If there is a health-related topic in which the College has invested from both a research and clinical perspective, Dr. Misra believes the students should also benefit through parallel graduate courses or programs. A broad spectrum of research areas creates a robust biomedical environment.

Already, steps are being taken to form two new dual degrees that complement the existing MD/PhD program. One will be an MD/MPH. The other will be an MD/MS in clinical and translational research, an initiative of the Clinical and Translational Science Institute (CTSI) of Southeast Wisconsin.

The CTSI is a collaboration of the Medical College with its affiliates Froedtert Hospital, Children’s Hospital of Wisconsin, the Zablocki VA Medical Center and BloodCenter of Wisconsin, plus Marquette University, Milwaukee School of Engineering (MSOE) and University of Wisconsin–Milwaukee (UWM) with the goal of advancing biomedical research, patient care and education. The collaboration presents opportunities for adjunct appointments at partner institutions. And, it allows the schools to capitalize on each other’s strengths: physicians, biostatistics and clinical trial experience from the Medical College and affiliates; bioengineering from Marquette, design skills from MSOE; and math, physics and other sciences from UWM.

“We want to maximize those opportunities as we develop new programs that leverage the existing strengths of the Medical College,” Dr. Misra said.

A growing national trend for master’s programs that do not require hands on lab work is to create an entirely online curriculum. Dr. Misra and the staff of the Graduate School are exploring possibilities for more distance learning opportunities that will expand the College’s outreach to professionals seeking further medical credentialing.

“Faculty and students that we’ve talked to are very eager to see these things put in place,” said Dr. Misra of the new programs and delivery methods being developed.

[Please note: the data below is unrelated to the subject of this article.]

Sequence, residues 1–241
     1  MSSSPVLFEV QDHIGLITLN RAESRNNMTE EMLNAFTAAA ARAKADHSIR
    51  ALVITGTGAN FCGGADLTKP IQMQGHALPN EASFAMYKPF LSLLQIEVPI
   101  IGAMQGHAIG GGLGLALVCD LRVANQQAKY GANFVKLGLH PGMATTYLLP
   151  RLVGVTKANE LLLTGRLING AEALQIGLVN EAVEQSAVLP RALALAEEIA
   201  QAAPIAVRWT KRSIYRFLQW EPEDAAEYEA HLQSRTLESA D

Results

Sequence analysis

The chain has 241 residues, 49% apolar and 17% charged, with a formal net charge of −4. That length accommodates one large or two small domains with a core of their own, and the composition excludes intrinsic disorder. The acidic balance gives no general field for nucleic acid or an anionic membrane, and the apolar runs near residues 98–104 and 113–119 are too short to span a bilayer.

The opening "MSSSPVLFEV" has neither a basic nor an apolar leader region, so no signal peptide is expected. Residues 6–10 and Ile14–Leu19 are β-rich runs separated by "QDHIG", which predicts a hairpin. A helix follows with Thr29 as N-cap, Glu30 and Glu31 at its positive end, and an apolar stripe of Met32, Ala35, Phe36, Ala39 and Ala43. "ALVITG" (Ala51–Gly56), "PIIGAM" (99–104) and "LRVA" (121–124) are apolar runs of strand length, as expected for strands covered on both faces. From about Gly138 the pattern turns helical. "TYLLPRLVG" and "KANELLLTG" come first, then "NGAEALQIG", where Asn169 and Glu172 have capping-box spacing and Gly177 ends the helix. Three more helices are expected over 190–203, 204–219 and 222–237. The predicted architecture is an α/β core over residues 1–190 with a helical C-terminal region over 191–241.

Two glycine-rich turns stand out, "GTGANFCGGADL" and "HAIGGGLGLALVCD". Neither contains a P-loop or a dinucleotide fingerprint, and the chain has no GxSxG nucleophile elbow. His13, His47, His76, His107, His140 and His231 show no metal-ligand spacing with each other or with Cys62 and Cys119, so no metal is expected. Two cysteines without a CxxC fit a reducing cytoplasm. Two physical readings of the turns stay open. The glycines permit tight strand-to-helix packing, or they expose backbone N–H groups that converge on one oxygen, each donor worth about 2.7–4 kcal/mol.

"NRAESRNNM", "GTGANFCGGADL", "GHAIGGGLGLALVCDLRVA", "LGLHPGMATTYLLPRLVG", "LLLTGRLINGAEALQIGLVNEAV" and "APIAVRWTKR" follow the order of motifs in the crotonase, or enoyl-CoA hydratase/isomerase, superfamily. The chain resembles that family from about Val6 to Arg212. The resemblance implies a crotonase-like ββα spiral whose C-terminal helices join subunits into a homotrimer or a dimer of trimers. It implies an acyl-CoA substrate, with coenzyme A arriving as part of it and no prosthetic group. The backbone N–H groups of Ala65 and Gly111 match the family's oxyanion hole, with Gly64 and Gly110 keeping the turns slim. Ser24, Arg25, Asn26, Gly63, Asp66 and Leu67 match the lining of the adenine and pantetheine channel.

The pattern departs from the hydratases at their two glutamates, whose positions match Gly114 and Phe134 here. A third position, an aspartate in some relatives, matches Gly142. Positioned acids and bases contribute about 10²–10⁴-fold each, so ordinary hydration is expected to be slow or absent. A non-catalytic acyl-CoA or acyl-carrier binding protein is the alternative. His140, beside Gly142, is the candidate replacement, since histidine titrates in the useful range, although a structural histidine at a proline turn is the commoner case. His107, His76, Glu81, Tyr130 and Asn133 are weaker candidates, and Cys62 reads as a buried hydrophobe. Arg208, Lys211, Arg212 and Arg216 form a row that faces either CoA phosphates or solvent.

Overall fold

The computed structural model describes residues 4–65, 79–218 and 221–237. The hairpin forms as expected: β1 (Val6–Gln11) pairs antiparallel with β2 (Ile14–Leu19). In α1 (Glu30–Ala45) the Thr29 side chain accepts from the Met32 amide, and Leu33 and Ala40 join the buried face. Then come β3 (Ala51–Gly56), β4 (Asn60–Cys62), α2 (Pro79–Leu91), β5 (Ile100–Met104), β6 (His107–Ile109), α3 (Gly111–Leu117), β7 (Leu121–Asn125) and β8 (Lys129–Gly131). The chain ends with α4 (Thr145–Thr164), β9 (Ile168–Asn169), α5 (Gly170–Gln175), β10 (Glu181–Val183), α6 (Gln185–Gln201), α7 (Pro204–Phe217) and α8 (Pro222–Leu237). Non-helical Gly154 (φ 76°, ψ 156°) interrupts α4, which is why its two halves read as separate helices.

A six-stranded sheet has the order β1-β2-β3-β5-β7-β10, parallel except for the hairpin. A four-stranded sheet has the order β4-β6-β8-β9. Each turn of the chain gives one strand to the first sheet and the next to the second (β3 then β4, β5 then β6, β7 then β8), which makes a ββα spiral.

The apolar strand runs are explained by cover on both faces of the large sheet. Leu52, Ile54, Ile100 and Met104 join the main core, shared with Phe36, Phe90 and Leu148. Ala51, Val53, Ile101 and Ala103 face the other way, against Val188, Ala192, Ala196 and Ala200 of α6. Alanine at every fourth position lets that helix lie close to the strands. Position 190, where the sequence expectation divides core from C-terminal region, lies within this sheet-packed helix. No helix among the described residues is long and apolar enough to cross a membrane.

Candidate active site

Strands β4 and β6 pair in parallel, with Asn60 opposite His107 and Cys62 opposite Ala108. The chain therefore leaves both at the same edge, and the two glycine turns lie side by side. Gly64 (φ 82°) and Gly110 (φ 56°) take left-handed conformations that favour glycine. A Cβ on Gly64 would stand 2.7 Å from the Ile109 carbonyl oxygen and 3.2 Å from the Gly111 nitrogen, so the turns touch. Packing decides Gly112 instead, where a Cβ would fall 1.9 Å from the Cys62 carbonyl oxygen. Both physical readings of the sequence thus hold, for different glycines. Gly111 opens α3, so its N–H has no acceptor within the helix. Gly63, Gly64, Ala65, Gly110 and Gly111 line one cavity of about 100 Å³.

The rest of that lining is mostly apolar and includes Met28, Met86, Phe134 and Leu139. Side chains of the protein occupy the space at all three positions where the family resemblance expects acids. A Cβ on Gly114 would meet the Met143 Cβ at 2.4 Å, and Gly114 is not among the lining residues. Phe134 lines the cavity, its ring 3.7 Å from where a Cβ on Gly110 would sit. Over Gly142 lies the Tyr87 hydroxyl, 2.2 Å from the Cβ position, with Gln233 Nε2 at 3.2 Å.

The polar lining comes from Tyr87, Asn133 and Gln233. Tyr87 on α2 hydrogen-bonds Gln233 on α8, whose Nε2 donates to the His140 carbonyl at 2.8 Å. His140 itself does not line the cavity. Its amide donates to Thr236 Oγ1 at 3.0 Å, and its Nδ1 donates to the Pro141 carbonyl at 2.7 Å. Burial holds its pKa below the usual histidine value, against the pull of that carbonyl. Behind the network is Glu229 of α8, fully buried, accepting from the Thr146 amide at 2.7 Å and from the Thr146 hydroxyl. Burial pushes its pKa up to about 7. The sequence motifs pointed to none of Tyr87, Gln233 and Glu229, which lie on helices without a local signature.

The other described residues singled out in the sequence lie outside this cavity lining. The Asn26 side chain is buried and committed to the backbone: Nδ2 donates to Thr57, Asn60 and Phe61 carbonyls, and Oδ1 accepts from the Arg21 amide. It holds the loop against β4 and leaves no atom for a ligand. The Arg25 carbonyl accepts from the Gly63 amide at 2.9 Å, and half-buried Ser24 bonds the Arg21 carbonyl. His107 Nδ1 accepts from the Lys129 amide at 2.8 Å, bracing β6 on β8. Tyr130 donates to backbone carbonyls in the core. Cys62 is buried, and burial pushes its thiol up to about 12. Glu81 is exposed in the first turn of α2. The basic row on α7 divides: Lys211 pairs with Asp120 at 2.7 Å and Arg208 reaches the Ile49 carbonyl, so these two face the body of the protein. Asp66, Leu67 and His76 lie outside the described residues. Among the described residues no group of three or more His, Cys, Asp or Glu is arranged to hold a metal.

Science of personalized medicine

Nothing reflects the current changing medical science environment and the importance of translational medicine more than the recent treatment by College scientists and clinicians of a young boy with a previously unidentified disease caused by a rare genetic mutation. The pioneering application of genome sequencing in this child’s diagnosis heralds the impending advance of personalized medicine – a fundamental shift toward using information about a person’s genes, proteins and environment to prevent, diagnose and treat disease.

Dr. Misra sees graduate students benefiting from learning personalized medicine techniques from scientists who pioneered the methods. He advocates for adding a personalized medicine program to the school’s offerings. He also envisions the Medical College as the heart of personalized medicine training, where new methods of disease diagnosis are offered at multiple educational levels: to residents, genetic counselors, medical practitioners, medical centers and even practice groups.

While growing student opportunities and faculty expertise, Dr. Misra is also focused on growing enrollment, especially of higher-achieving traditional students and of underrepresented minorities. He would also like to see the College recruit more post-doctoral fellows. Dr. Misra recognizes post-docs as critical to the research enterprise and acknowledges that their presence and their work also makes the student experience much richer.

And while Dr. Misra works to maintain the standard of excellence achieved within the Graduate School, he notes there is room to improve communication with those students from the past and of the future. One of his goals as dean is to “speak more loudly and transparently to better inform the MCW community about the different educational opportunities and the different aspects of the educational mission of the Graduate School.”

Alumni are a key factor in moving the Graduate School ahead, Dr. Misra said. He is dedicated to improving outreach to alumni, staying connected with them and keeping them engaged in the progress of the school so that they may actively contribute to the academic life of current Graduate School students.

 

Effective mentoring

Dr. Ravi Misra, faculty and graduate students agree that mentoring is a key strength of the Medical College of Wisconsin’s Graduate School of Biomedical Sciences.